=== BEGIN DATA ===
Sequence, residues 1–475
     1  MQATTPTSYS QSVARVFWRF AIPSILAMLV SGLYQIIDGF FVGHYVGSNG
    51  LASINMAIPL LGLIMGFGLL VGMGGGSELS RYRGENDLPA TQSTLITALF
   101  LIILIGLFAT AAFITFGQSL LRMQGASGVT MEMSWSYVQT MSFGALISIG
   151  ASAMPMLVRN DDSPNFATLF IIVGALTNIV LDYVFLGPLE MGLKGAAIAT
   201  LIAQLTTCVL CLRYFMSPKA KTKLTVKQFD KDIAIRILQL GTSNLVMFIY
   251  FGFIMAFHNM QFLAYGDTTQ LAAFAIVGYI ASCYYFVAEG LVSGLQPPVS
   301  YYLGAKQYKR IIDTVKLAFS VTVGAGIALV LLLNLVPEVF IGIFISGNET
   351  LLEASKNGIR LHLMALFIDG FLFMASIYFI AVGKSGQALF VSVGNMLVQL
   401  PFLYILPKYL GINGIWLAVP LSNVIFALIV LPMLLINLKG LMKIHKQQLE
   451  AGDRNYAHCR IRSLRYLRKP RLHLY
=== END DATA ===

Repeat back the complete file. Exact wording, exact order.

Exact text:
Sequence, residues 1–475
     1  MQATTPTSYS QSVARVFWRF AIPSILAMLV SGLYQIIDGF FVGHYVGSNG
    51  LASINMAIPL LGLIMGFGLL VGMGGGSELS RYRGENDLPA TQSTLITALF
   101  LIILIGLFAT AAFITFGQSL LRMQGASGVT MEMSWSYVQT MSFGALISIG
   151  ASAMPMLVRN DDSPNFATLF IIVGALTNIV LDYVFLGPLE MGLKGAAIAT
   201  LIAQLTTCVL CLRYFMSPKA KTKLTVKQFD KDIAIRILQL GTSNLVMFIY
   251  FGFIMAFHNM QFLAYGDTTQ LAAFAIVGYI ASCYYFVAEG LVSGLQPPVS
   301  YYLGAKQYKR IIDTVKLAFS VTVGAGIALV LLLNLVPEVF IGIFISGNET
   351  LLEASKNGIR LHLMALFIDG FLFMASIYFI AVGKSGQALF VSVGNMLVQL
   401  PFLYILPKYL GINGIWLAVP LSNVIFALIV LPMLLINLKG LMKIHKQQLE
   451  AGDRNYAHCR IRSLRYLRKP RLHLY